Dr. James Corasanti is a local gastroenterologist who had too much to drink one night at a country club. Driving home he struck and killed a young woman who was on a longboard, and left the scene. He later surrendered to the police, and was charged with, inter alia, vehicular homicide, leaving the scene, and DWI. His trial was a big, big deal in these parts. The Buffalo News gave it top-of-the-fold, banner treatment daily, and on Sundays provided helpful recaps, including information that was not before the jury (like the fact that the doc had an earlier pop for driving while impaired). Just in case that wasn't enough information, the News also used the occasion to run helpful stories about why drinking and driving is bad. Lots of people wrote letters to the editor, too. Unsurprisingly these were mostly of the torch-and-pitchfork variety, although there was some support for tar and feathers as well. The doc was pretty well fixed in the bank department, and stood to lose his ticket if he was convicted of a felony, so he lawyered up with some of the best. It was hard to tell from the coverage, but my between the lines reading suggests that the Erie County District Attorney's office was counting more on outrage and less on cross-examination to carry the day for their side. Since his back was to the wall, and since they had the resources Corasanti's team turned the case into a battle of experts, and that was enough to establish reasonable doubt on the felony charges. The jury tagged him for misdemeanor DWI, which strongly suggests to me that this was a carefully reasoned verdict- on the charge where there was no doubt, he was convicted, on the charges where there was more or less unrebutted expert proof he got a walk. Naturally there were howls of indignation from nearly every quarter. I doubt that there were many judges-- or lawyers, for that matter-- who envied Judge Sheila A. DiTullio her sentencing decision. Sentiment was pretty hot during the trial, and got hotter after the verdict. On the other hand, a year in the jug, which was the max option, is pretty hard time for a cat like Corasanti. What good does it do to put the guy in stir? It doesn't bring the girl, Alex Rice, back. The family will be compensated for her death by the civil system. The doc has already learned the lesson he missed the first time. Nobody else is likely to learn anything because of this example. (If everyone in Erie County got a year for DWI the population center of Erie County would be Alden, not Buffalo.) I get why it came down this way, naturally, but when I drill down into the rationale for it I come up with very little.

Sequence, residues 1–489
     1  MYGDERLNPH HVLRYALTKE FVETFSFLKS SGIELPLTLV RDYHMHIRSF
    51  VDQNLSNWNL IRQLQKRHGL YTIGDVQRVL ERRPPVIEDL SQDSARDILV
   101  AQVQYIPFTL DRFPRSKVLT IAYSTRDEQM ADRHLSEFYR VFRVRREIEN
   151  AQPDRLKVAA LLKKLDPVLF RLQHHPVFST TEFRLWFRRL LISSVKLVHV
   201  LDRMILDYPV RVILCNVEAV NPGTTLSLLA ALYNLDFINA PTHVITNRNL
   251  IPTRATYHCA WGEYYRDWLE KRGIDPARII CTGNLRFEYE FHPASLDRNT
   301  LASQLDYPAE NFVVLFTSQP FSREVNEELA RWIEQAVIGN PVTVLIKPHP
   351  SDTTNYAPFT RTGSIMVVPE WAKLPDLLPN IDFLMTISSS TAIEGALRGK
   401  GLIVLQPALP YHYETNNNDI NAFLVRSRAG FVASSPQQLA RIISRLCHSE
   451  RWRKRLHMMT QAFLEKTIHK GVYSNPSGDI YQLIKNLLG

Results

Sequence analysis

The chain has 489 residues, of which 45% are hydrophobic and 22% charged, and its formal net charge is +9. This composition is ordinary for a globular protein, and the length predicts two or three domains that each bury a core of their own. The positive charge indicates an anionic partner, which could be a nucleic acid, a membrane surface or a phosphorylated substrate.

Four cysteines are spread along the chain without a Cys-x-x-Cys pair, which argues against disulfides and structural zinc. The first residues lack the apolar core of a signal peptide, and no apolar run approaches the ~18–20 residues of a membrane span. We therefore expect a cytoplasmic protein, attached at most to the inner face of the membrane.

Thursday, August 16, 2012

It occurs to me that Kathy Hochul was elected to Congress in the most Republican district in New York by running against the Ryan budget proposal. Obviously the dynamic is going to be different in a national race, and of course there are plenty of places that are more right wing than NY26 but I haven't seen anyone else mention it up to now. Frank Rich says that he sees the move as intended to nail down the base rather than a Palin-style grab for a game changer, and I am inclined to agree. Sucks when your base isn't nailed down by August. The timing was also odd. Saturday morning? Not that anybody reads newspapers, but this meant that the Sunday papers were going to miss the story, and that the story was competing with the Olympic closing ceremonies. Couldn't this have waited until after Labor Day? Wouldn't that have made the announcement more "energizing"? I still think that Obama needs to run a perfect campaign if he is going to serve a second term, but I am nevertheless boggled by Romney's approach. Other than rich white guys (and racists) who does he think he is appealing to? Where's his base? Are Southerners really going to turn out for him? The West is a reach-- LDS notwithstanding, does he really think he will carry Nevada? Even Arizona looks like it is in play. I'll grant that he'll carry Texas, but Colorado looks unlikely. Where's he going to gain ground on McCain four years ago?